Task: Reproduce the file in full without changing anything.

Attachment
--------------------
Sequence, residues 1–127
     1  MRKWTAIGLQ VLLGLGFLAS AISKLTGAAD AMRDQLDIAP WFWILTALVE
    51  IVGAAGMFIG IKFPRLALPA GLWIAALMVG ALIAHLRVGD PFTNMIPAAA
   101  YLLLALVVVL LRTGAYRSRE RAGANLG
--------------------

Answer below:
Sequence, residues 1–127
     1  MRKWTAIGLQ VLLGLGFLAS AISKLTGAAD AMRDQLDIAP WFWILTALVE
    51  IVGAAGMFIG IKFPRLALPA GLWIAALMVG ALIAHLRVGD PFTNMIPAAA
   101  YLLLALVVVL LRTGAYRSRE RAGANLG